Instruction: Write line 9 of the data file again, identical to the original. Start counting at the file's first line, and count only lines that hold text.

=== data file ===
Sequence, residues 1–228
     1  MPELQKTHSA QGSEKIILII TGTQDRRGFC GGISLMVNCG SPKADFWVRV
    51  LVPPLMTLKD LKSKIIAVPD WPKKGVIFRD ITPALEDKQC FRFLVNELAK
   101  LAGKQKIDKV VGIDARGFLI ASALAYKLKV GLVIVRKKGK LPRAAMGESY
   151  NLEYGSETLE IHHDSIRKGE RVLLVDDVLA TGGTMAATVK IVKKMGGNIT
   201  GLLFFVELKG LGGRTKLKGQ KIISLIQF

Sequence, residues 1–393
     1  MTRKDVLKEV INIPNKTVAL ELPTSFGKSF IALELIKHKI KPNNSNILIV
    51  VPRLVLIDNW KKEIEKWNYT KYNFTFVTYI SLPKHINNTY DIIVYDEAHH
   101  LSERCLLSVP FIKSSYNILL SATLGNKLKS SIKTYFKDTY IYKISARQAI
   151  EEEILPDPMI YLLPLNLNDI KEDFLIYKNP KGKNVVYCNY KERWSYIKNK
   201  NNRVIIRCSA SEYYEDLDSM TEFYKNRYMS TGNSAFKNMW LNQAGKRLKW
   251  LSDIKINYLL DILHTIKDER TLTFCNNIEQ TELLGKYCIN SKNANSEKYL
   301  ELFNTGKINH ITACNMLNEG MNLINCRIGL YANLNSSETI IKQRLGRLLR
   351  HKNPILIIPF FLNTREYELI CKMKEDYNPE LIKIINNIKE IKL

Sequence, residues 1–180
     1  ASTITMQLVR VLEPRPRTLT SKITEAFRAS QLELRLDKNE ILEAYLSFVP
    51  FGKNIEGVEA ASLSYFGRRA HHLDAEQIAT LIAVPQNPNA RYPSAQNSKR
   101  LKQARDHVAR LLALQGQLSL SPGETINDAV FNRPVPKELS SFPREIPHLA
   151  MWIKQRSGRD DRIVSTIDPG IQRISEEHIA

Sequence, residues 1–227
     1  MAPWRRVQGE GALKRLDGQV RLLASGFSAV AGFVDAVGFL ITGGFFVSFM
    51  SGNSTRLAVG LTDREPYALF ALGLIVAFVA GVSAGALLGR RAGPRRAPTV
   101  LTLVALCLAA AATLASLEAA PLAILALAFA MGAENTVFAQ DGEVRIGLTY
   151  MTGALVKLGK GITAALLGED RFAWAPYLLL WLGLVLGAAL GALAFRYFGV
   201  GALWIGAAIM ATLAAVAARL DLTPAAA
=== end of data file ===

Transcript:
    51  VPRLVLIDNW KKEIEKWNYT KYNFTFVTYI SLPKHINNTY DIIVYDEAHH